I have a few follow up comments on my recent discussion "Did Martin Luther Believe in the Reformed Tulip?"
I received a kind review over on another blog from Marcus McElhaney, of which I'm grateful. I thank everyone who listened, for listening. I had a few points of clarification for one of the issues Marcus raised, as well as some of the comments left here.
As to my material on Luther's Book, The Bondage of The Will, Marcus states, "I agreed with Swan about how he see the book. The one one thing is that i would not say that Luther was paradoxical in that book I thought he was clear." I haven't listened back to the interview, but I don't recall saying that Luther was paradoxical in this book. I recall raising the issue of paradox during my discussion of the hidden vs revealed God. However paradox will always be at the base of Luther's thought on this, and I think if we were to go slowly through the book, we could uncover Luther's use of paradox. Indeed, Luther was clear as to his view, but in working out how to understand the inner workings of predestination, Luther will use paradox.
Jordan points out, "Swan seemed to think that election could be lost" according to Luther. Actually, I recall in the interview saying Luther held God chooses some to be saved and he rejects the others without an apparent reason within them for either choice. He gives faith to one person through the working of His Spirit; and he refuses to give faith to others so that they remain bound in their unbelief. This means an unconditional, eternal predestination both to salvation and to damnation. However, Luther usually attributes such to speculating about the hidden God, which he strongly urges his readers not to do. Luther himself doesn't spend a lot of time doing such. Here I would disagree with R.C. Sproul, whom (if I recall correctly) has stated that Luther spent more time discussing predestination than Calvin did. This is simply not the case.
On the other hand, Luther says things like, "Ye are fallen from grace," must not be taken lightly. They are important. To fall from grace means to lose the atonement, the forgiveness of sins, the righteousness, liberty, and life which Jesus has merited for us by His death and resurrection."
I admit to not exactly understanding how Luther reconciles this, but then again, I'm thinking in Reformed categories, not Luther's categories. I have a feeling Luther would simply affirm both statements. My studies on these issues concerning Luther were largely influenced by looking into his paradox of the hidden vs. revealed God. As far as I understand his views, they are largely informed and understood via paradox,the rejection of the medieval use of ergo, and embracing the conclusion, nevertheless.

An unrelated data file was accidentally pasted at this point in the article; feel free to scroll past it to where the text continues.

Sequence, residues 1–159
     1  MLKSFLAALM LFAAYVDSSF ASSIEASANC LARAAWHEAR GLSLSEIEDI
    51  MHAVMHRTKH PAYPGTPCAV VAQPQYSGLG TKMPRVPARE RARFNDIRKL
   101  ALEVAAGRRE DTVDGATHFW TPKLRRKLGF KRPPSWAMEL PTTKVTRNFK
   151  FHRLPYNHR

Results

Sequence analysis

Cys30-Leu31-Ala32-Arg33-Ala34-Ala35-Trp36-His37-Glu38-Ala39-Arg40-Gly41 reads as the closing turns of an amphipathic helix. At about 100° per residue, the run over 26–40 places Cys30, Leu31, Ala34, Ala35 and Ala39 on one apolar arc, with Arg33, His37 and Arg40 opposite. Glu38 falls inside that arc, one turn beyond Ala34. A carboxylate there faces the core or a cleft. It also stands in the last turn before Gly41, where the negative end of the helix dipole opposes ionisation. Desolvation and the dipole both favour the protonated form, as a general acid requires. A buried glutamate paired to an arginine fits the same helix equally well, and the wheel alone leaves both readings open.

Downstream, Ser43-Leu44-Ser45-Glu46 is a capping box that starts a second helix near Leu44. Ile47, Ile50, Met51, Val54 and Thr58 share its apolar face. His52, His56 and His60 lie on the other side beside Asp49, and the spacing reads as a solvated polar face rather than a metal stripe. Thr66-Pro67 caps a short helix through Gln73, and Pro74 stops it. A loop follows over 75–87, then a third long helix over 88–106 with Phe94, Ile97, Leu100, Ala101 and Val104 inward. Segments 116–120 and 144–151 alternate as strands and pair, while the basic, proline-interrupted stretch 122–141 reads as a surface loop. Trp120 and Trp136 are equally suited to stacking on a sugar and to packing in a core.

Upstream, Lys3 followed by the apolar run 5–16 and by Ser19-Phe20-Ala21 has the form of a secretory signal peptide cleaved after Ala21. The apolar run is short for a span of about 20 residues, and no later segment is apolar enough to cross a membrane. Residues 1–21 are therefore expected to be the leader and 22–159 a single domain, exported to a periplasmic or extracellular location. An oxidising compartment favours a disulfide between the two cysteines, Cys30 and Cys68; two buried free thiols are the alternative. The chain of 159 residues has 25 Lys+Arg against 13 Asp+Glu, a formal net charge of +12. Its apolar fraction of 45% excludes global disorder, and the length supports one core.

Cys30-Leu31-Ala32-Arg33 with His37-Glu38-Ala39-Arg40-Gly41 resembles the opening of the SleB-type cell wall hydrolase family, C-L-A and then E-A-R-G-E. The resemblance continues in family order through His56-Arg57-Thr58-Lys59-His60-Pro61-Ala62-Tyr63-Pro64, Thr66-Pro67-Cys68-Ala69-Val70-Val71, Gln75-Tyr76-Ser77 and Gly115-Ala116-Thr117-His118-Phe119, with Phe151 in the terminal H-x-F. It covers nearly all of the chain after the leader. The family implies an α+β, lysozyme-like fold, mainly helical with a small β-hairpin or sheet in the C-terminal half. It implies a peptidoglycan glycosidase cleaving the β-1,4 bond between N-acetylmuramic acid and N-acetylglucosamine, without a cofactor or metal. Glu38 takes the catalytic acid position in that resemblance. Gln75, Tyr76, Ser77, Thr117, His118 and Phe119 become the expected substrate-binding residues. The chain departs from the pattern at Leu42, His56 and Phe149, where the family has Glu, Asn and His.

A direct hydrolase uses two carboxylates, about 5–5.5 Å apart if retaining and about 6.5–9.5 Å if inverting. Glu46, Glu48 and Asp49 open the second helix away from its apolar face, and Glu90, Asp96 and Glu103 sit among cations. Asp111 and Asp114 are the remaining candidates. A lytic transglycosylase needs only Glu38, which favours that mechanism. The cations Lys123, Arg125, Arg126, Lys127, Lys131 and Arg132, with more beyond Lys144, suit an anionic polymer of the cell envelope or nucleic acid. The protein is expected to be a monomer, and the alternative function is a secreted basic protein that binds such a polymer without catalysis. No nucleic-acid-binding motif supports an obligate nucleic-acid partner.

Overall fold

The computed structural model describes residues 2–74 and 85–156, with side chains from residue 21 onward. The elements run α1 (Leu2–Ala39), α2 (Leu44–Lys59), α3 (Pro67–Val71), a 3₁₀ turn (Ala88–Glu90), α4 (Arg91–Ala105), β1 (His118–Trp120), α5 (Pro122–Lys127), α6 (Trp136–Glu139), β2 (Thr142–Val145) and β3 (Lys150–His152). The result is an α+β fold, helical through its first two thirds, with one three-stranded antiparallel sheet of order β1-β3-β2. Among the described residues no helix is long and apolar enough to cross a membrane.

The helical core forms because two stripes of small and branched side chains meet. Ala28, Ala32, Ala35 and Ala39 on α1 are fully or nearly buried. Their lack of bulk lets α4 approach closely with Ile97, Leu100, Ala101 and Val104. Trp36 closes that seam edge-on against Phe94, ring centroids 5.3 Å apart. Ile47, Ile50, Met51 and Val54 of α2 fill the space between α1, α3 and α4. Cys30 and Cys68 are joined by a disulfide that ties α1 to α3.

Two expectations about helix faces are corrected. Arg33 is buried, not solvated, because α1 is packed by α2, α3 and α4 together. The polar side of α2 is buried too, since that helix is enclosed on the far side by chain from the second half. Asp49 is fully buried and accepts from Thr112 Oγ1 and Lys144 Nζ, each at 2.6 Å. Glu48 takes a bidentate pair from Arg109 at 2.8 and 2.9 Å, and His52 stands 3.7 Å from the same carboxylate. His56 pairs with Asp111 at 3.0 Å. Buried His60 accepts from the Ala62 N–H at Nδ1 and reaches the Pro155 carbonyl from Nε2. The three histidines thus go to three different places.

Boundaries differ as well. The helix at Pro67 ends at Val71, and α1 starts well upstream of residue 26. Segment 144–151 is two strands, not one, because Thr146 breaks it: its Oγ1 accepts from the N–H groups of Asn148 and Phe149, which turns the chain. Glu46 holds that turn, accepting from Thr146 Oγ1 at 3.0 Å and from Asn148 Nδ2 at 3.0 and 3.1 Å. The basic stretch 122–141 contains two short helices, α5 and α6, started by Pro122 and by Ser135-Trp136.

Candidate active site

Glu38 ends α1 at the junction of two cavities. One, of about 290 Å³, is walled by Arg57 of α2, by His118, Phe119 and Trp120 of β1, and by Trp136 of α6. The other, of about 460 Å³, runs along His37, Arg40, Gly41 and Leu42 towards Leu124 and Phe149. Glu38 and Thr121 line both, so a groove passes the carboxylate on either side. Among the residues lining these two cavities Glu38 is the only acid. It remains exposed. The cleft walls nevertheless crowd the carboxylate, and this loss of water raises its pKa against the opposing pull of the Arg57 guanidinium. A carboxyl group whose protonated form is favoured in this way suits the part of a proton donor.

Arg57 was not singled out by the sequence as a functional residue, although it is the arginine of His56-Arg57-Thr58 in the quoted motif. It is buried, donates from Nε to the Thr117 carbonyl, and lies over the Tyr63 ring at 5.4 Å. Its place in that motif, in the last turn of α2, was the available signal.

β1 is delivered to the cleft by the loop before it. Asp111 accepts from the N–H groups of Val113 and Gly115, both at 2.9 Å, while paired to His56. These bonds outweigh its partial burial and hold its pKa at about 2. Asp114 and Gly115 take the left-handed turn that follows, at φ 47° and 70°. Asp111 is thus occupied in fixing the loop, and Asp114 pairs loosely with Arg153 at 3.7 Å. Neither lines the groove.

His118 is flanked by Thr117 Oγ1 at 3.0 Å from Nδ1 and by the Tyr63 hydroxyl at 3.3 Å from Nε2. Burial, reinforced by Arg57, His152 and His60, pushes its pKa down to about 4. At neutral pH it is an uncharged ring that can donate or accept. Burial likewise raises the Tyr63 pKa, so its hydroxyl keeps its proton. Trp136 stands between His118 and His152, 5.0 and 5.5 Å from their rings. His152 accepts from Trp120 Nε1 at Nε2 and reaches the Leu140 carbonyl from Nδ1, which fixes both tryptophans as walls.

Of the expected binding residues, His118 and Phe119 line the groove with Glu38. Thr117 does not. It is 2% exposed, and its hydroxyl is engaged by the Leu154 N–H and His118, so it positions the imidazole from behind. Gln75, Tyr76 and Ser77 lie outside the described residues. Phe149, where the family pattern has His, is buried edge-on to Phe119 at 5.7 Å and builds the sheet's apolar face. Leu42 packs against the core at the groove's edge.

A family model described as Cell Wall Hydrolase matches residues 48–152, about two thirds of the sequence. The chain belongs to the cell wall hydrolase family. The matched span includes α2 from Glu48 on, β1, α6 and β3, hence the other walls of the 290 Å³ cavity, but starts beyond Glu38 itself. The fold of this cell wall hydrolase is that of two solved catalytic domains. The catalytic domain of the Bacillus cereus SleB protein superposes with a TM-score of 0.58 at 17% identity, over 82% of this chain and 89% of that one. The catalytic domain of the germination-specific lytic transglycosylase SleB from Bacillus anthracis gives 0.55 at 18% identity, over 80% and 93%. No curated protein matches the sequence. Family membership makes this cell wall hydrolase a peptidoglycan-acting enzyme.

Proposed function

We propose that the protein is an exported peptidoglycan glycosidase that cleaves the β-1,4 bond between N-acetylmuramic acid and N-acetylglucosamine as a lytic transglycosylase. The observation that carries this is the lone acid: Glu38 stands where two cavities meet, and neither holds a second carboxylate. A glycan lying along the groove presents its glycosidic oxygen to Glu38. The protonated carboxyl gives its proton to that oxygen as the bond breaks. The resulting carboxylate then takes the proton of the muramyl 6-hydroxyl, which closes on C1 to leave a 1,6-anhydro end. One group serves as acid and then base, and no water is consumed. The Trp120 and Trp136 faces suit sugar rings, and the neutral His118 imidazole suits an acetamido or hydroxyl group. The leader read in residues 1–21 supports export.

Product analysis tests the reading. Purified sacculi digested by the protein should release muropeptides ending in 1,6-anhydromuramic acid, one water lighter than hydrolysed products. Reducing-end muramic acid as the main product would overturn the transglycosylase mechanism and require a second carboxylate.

Similarly, as to Luther on irresistible grace, I recall presenting two Luther quotes, and the host Chris Arnzen concluded that Luther denied irresistible grace. I didn't voice my opinion. The problem is, we're sticking Luther in Reformed categories. I think Luther did hold that it’s God’s eternal election and predestination that draw His people to Him. In one of his early Reformation writings he says, "The best and infallible preparation and the only disposition toward grace are the eternal election and predestination of God," and I think I used that quote during the interview. I then followed it up with another quote from Luther, "It is, nevertheless God’s earnest will and purpose, indeed, His command, decreed from eternity, to save all men."
Once again, I think paradox is at work. One of the books that influenced me on understanding Luther's view is Siegbert Becker's The Foolishness of God: The Place of Reason in the Theology of Martin Luther (Milwaukee: Northwestern Publishing House, 1999 (2nd edition). I highly recommend this book for anyone wishing to explore Luther's categories.
"A dispute about predestination should be avoided entirely... I forget everything about Christ and God when I come upon these thoughts and actually get to the point to imagining that God is a rogue. We must stay in the word, in which God is revealed to us and salvation is offered, if we believe him. But in thinking about predestination, we forget God . . However, in Christ are hid all the treasures (Col. 2:3); outside him all are locked up. Therefore, we should simply refuse to argue about election."- Martin Luther
As to disputing these issues, that's the thing Luther did with Erasmus, so he wasn't always consistent about this. I think the bottom line that separates Lutherans and Calvinists on this issue is, are these issues to be avoided entirely, or do they deserve to be looking into with care, fear, and a converted heart? I say yes, because the issues aren't hiding in the Bible. They're right out in the open, more than once, on multiple pages. Indeed, one shouldn't go beyond what the Scriptures say, but one shouldn't avoid what the Scriptures say either.